December 24th felt almost like any other day for me.
|"Throw me the idol I throw you the whip!"|
|Stairway to a small shrine|
Living in Peru has been an absolute blast. The cultural exchanges are numerous and gratifying every time. That being said my site coordinator Jenny warned me the holidays were going to be hard. There's no way around those feelings of sadness, apprehension, and longing when Christmas rolls around. The best thing you can do is immerse yourself in activities. In short: If you idle you are going to suffer.
Not once did I light an advent candle. I didn't go christmas-lights looking. I didn't watch TV Christmas Specials. I didn't visit a shopping mall to fight the masses and embarrass my sisters at the same time. None of these traditions I was accustomed to took place. To be honest December 24th (and the 25th) was shaping up to be just another day.
My fellow Peruvian volunteer pulled me out from my initial pit of despair with a few wise words of wisdom. When I told her I almost burst into tears she wisely responded: "You may not be home now and that sucks. Next year you'll see them. We may not have those old christmas-lights-warm-cookies customs we did back in the States but Peruvians focus on what is really important: Family."*
The birth of Jesus is the story of a miracle. The origin story of a great man imbued with great purpose. It's also the origin story of a young family, and while Mary and Joseph don't get much screen-time in the rest of Jesus' story there's a reason his birth is one of the mostly widely celebrated holidays in the Christian calendar. Despite Mary's fear and trepidation at giving birth to the Son of God, despite Joseph's doubt about the right path to follow, despite the turmoil they encountered in Bethlehem they figured it out.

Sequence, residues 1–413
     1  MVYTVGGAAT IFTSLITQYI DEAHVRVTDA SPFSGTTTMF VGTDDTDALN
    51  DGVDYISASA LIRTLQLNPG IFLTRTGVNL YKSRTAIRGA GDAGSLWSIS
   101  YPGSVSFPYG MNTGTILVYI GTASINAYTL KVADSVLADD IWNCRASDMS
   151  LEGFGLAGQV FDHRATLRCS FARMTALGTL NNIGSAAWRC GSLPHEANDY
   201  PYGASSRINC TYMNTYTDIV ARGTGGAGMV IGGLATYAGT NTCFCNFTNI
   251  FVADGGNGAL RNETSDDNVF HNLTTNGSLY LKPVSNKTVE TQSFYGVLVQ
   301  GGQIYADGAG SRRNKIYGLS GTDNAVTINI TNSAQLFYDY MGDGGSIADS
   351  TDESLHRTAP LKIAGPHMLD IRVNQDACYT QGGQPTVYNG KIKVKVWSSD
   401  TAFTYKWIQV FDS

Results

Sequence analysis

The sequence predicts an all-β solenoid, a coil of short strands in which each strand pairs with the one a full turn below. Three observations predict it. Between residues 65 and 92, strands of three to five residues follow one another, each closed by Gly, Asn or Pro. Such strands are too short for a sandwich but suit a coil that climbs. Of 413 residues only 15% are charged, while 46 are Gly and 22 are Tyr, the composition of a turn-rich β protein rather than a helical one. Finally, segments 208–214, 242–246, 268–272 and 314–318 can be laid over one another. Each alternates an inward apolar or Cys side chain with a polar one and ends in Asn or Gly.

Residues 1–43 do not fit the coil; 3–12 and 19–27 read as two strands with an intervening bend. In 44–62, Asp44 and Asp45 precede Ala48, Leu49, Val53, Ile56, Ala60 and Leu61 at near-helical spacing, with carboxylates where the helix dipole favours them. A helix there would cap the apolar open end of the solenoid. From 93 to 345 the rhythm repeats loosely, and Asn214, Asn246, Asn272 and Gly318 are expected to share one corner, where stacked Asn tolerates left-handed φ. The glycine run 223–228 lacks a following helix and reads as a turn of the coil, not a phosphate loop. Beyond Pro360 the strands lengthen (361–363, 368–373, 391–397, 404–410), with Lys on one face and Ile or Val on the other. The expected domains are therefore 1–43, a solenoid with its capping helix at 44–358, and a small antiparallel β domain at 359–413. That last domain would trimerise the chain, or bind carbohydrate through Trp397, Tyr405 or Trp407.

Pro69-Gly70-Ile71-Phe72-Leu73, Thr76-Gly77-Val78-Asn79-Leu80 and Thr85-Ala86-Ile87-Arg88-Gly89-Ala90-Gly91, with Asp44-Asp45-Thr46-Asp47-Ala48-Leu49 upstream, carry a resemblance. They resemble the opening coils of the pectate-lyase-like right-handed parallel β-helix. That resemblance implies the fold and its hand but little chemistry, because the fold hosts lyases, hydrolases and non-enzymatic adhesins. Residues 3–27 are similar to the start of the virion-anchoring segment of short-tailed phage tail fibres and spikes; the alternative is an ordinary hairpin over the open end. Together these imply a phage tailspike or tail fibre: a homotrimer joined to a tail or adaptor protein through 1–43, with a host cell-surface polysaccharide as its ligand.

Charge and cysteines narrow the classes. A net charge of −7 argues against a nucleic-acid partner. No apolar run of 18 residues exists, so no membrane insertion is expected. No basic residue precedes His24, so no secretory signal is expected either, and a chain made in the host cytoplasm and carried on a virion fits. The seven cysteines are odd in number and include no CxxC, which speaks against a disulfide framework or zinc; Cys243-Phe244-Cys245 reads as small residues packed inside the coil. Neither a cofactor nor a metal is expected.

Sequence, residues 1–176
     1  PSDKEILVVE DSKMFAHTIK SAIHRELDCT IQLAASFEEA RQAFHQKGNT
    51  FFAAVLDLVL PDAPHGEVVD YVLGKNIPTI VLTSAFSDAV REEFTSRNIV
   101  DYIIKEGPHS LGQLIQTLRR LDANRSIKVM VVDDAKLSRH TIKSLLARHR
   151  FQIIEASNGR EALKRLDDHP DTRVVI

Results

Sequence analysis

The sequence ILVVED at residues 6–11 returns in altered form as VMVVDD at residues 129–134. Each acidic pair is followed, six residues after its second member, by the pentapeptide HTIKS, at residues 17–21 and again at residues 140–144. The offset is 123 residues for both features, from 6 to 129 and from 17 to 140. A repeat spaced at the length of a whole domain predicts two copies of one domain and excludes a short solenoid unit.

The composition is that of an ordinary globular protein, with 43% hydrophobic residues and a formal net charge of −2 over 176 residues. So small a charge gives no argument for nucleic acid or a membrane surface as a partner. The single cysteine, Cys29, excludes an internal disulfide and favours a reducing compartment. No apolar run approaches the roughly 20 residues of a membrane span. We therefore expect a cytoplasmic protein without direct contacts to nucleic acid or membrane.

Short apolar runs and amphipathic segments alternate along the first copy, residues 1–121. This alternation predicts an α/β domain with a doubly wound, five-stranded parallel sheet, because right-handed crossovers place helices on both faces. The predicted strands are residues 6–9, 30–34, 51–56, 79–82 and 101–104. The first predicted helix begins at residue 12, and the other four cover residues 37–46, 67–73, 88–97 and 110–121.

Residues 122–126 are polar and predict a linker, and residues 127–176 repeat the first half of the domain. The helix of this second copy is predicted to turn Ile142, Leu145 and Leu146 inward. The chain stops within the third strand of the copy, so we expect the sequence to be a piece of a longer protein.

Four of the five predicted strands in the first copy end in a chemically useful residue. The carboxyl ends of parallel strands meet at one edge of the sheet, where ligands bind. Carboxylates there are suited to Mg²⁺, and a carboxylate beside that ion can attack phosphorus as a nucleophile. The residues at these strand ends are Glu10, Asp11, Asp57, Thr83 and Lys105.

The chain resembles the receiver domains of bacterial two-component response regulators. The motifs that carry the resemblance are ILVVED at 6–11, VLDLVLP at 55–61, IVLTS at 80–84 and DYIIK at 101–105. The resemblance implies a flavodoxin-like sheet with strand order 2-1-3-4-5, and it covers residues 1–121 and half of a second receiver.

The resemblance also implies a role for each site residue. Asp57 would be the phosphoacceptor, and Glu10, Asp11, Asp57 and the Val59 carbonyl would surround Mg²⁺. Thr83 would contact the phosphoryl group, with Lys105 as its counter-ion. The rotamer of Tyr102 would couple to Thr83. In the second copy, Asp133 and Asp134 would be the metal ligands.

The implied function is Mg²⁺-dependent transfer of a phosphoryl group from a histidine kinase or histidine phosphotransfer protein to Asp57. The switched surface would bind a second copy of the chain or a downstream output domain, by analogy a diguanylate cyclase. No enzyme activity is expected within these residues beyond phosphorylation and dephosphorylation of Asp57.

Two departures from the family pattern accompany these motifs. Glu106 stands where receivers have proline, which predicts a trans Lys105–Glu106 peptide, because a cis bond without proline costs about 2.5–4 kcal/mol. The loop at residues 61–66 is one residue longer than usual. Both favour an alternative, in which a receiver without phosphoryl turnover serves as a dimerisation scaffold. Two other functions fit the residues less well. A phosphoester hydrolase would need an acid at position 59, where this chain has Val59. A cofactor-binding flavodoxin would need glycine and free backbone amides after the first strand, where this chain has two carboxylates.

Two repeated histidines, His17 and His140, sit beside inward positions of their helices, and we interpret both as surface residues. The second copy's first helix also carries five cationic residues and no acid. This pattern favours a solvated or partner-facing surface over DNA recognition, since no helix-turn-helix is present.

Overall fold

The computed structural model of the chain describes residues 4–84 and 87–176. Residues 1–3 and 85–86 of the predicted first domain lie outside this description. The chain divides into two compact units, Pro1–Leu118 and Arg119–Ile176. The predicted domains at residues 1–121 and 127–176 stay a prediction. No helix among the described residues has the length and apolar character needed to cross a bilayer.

|Local Nativity scene in the Plaza de Armas|
In a sense this was the first family to come together for the birth of Christ. A carpenter, his virgin wife, three nerdy astronomers, some local shepherds, sheep, donkeys, and a partridge in a pear tree. Talk about a mixed bag.
Last night, after christmas service, everyone in the family came over. We drank some wine. The young boys Gabriel and Daniel shot off fireworks. When the clock struck midnight everyone hugged and wished each other a merry christmas. Then we chowed down on a massive dinner. After the dinner the adults lounged around to talk some more. It was probably 3 in the morning when I went to bed. Nobody exchanged presents. Nobody sang carols. Nobody stood under the mistletoe. It was just us, the Villacorta family, gathered around a table together.
I think I like that quite a bit.
Now I'm not condemning American traditions. Lord knows I love presents, carols, and gingerbread houses. But here in Peru they strip it down to what really matters: Family. And it is a true honor to be considered a member of the Guillen-Villacorta family. I even got an honorary 'Tio Daniel' title with the two primos. I helped my host-brother Roberto move some furniture in his new house. I cooked Tacos for Magda, Elizabeth, Joanna, Jennett, Franco, and Deborah. I have been welcomed with open arms here and found nothing but love and THAT is what helps me during this holiday season.
|Merry Christmas! From my family to yours!|
*Roughly paraphrasing what Shaina said, but she seriously helped so much that day.